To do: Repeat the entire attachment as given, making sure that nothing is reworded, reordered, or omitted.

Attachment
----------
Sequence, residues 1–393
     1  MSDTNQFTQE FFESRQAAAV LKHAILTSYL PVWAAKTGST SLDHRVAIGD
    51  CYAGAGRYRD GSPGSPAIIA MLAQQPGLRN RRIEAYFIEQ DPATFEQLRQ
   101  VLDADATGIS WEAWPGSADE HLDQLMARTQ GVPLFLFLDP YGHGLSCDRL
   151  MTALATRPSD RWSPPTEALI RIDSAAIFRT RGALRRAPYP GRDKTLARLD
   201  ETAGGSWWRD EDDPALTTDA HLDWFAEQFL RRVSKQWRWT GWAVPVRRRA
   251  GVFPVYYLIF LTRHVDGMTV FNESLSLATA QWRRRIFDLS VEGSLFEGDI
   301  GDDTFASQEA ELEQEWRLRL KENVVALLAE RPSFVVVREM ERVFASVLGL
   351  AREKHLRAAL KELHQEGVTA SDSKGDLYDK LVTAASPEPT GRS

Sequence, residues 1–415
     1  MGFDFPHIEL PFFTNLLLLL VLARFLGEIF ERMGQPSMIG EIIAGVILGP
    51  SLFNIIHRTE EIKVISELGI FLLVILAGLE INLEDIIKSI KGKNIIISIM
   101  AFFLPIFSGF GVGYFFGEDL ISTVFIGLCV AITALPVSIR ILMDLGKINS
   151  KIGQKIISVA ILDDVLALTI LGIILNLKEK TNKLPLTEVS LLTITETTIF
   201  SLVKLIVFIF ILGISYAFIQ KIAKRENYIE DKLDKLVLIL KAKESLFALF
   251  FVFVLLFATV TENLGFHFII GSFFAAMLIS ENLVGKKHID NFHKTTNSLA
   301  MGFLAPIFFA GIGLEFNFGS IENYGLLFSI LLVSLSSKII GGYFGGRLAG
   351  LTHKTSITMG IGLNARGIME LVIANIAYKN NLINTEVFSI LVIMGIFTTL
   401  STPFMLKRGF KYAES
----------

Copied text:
Sequence, residues 1–393
     1  MSDTNQFTQE FFESRQAAAV LKHAILTSYL PVWAAKTGST SLDHRVAIGD
    51  CYAGAGRYRD GSPGSPAIIA MLAQQPGLRN RRIEAYFIEQ DPATFEQLRQ
   101  VLDADATGIS WEAWPGSADE HLDQLMARTQ GVPLFLFLDP YGHGLSCDRL
   151  MTALATRPSD RWSPPTEALI RIDSAAIFRT RGALRRAPYP GRDKTLARLD
   201  ETAGGSWWRD EDDPALTTDA HLDWFAEQFL RRVSKQWRWT GWAVPVRRRA
   251  GVFPVYYLIF LTRHVDGMTV FNESLSLATA QWRRRIFDLS VEGSLFEGDI
   301  GDDTFASQEA ELEQEWRLRL KENVVALLAE RPSFVVVREM ERVFASVLGL
   351  AREKHLRAAL KELHQEGVTA SDSKGDLYDK LVTAASPEPT GRS

Sequence, residues 1–415
     1  MGFDFPHIEL PFFTNLLLLL VLARFLGEIF ERMGQPSMIG EIIAGVILGP
    51  SLFNIIHRTE EIKVISELGI FLLVILAGLE INLEDIIKSI KGKNIIISIM
   101  AFFLPIFSGF GVGYFFGEDL ISTVFIGLCV AITALPVSIR ILMDLGKINS
   151  KIGQKIISVA ILDDVLALTI LGIILNLKEK TNKLPLTEVS LLTITETTIF
   201  SLVKLIVFIF ILGISYAFIQ KIAKRENYIE DKLDKLVLIL KAKESLFALF
   251  FVFVLLFATV TENLGFHFII GSFFAAMLIS ENLVGKKHID NFHKTTNSLA
   301  MGFLAPIFFA GIGLEFNFGS IENYGLLFSI LLVSLSSKII GGYFGGRLAG
   351  LTHKTSITMG IGLNARGIME LVIANIAYKN NLINTEVFSI LVIMGIFTTL
   401  STPFMLKRGF KYAES